Despite these advances, the Vendée Globe is still a constant trial for the skippers. Rarely do more than half the entrants finish. Sailing a 60-foot racing boat alone is impressive enough – doing so in the Southern Ocean is unreal. During calm stretches, the skippers work themselves into a routine of five hours of sleep a day, taken in one- or two-hour power naps; in the gales of the Southern Ocean, skippers often go for days with no sleep at all. Life onboard the boats is harsh. Sailors famously cut their toothbrushes in half to save weight, and after the first couple weeks only freeze-dried food is eaten. The deck of a conventional boat protrudes over the waterline at the bow, while the bow of an Open 60 is straight up-and-down so as to slice through the water. This means that the bow of the boats shovel waves on board, and skippers must wear wet-suits and mountain-climbing harnesses on deck to withstand the constant assault of tons of water washing over the deck.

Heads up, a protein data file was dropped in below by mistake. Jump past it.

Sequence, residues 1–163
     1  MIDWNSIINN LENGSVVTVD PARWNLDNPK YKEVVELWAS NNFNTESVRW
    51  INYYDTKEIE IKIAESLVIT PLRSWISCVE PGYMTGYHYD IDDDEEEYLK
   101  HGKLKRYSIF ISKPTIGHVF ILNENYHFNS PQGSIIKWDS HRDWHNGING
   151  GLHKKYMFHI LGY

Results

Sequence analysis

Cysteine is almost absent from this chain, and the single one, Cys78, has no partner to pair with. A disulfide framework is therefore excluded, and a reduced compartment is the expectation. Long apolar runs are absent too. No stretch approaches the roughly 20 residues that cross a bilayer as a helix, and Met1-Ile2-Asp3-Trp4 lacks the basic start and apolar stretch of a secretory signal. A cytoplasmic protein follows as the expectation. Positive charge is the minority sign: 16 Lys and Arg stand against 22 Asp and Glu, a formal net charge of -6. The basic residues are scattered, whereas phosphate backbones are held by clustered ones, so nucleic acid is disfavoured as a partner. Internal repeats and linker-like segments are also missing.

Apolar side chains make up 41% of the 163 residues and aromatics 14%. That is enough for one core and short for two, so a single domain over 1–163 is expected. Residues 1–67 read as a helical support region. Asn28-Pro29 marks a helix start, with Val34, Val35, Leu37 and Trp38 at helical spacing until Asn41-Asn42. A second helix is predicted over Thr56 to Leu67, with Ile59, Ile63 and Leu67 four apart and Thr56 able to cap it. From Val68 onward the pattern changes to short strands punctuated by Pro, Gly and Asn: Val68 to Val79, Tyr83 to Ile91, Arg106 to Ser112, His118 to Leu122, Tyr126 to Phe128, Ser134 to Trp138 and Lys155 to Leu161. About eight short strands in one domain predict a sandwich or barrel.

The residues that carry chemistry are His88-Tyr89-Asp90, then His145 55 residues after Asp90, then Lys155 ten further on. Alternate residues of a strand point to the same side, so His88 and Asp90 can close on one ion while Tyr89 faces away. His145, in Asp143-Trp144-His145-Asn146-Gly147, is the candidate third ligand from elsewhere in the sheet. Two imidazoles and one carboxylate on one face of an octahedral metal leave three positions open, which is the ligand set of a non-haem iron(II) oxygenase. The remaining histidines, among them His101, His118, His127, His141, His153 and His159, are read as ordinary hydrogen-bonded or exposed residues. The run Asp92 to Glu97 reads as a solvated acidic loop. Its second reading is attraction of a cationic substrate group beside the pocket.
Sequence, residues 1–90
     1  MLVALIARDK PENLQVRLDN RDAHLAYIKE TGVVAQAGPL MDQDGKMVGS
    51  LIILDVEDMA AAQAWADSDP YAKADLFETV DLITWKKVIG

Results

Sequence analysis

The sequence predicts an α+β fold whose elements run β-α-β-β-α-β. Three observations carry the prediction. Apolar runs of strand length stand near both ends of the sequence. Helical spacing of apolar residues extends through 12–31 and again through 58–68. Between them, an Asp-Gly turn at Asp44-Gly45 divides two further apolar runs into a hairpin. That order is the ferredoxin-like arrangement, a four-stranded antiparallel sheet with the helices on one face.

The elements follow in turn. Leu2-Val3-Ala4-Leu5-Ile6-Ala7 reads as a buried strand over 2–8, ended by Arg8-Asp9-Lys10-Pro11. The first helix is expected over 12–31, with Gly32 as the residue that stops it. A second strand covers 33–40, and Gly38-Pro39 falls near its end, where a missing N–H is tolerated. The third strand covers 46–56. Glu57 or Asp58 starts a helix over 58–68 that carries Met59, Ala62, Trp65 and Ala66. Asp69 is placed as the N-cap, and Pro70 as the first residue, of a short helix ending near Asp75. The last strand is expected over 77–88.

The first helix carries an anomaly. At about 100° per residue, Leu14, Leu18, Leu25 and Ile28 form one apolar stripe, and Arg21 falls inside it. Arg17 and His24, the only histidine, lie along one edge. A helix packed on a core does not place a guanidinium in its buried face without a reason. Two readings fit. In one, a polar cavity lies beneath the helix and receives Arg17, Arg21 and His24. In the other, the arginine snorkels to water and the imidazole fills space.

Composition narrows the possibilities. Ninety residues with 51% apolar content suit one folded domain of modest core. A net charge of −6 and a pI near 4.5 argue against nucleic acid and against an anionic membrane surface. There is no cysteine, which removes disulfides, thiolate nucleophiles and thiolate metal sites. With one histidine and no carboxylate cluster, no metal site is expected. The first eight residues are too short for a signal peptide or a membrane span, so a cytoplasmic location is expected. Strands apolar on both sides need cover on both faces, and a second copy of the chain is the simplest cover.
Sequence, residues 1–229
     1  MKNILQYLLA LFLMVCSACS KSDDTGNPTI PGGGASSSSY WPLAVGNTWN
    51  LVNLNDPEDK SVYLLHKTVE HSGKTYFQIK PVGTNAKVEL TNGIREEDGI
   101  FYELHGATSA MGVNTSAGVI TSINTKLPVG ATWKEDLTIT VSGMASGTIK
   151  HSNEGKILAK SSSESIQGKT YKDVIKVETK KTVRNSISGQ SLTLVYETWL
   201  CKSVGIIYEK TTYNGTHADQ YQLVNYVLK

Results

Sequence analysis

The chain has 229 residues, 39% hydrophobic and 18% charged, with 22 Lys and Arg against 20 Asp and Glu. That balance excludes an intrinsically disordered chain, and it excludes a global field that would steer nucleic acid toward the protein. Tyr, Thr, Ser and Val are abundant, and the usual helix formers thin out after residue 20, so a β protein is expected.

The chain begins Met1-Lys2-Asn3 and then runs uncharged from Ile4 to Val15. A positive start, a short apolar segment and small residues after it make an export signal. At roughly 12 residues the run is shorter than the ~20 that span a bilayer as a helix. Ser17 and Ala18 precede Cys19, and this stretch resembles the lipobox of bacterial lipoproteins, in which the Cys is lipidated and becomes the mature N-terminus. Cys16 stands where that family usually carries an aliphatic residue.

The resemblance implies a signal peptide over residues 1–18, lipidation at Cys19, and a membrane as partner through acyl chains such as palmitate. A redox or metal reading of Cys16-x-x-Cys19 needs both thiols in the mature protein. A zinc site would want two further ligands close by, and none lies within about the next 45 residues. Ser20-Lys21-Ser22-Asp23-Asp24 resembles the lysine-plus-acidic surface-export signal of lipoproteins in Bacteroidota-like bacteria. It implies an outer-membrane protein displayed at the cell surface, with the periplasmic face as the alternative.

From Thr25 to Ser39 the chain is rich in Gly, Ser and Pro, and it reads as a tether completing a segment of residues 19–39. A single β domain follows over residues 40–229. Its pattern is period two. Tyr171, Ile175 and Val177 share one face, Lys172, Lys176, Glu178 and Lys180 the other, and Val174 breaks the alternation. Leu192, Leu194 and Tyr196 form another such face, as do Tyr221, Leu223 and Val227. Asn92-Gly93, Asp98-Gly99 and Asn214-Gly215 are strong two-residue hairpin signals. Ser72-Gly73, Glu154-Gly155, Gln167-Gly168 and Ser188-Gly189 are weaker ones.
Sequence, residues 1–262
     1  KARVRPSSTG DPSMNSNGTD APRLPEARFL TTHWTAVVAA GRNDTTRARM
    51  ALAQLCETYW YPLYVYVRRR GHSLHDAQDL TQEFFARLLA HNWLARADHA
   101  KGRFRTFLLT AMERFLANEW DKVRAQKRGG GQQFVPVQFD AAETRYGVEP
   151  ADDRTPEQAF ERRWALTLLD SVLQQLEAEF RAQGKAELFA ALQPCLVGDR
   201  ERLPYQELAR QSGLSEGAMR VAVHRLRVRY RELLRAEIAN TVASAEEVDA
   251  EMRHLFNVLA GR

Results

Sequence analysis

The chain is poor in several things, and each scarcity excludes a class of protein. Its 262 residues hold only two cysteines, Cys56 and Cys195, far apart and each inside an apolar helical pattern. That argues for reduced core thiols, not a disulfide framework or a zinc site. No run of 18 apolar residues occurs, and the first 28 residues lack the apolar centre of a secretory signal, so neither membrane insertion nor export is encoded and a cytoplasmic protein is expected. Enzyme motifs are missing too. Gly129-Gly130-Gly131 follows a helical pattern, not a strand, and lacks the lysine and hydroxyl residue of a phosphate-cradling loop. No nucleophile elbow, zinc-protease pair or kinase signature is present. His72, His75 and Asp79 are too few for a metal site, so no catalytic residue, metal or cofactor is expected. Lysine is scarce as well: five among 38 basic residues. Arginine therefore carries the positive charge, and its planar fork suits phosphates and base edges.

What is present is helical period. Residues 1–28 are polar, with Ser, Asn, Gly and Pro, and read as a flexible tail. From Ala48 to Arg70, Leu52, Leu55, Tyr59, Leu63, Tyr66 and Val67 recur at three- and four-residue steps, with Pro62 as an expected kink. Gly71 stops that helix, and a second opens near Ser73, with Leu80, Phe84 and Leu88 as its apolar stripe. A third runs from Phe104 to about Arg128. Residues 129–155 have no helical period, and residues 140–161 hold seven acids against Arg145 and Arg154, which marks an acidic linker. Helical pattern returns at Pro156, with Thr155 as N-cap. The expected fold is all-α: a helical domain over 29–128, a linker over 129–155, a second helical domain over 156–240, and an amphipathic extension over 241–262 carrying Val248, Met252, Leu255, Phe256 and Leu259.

The danger for a solo sailor in such conditions is immense, especially since the latitudes that the Vendée Globe skippers sail in are far out of reach of coast guard organizations. Since its inception in 1989, three skippers have died during the race – including Canadian Gerry Roufs in 1996. Skippers who run into trouble must fend for themselves. In the past, sailors have been forced to perform un-anesthetised surgery on themselves, right capsized boats from within the submerged cockpit, and construct makeshift masts when the original has been lost to the seas. Sailors who find themselves in more dire straits have to depend on their fellow racers for rescue. In the 1996 edition, skipper Pete Goss won a Legion d’Honneur for his daring rescue of the Italian racer Raphael Dinelli. When Dinelli capsized, Goss turned his boat around and sailed into hurricane-force headwinds for two days to reach him. Because of the size of an Open 60 and the incredible force of Southern Ocean winds, Goss sailed several hundred miles to Dinelli’s rescue but was only able to make one pass to pick up the stranded sailor, who had been clinging to a tiny life raft for two days. The two sailors popped the bottle of champagne that Dinelli had salvaged from his boat, and Dinelli faxed a marriage proposal to his girlfriend in France. Goss went on to set a British speed record for solo circumnavigation in the same race.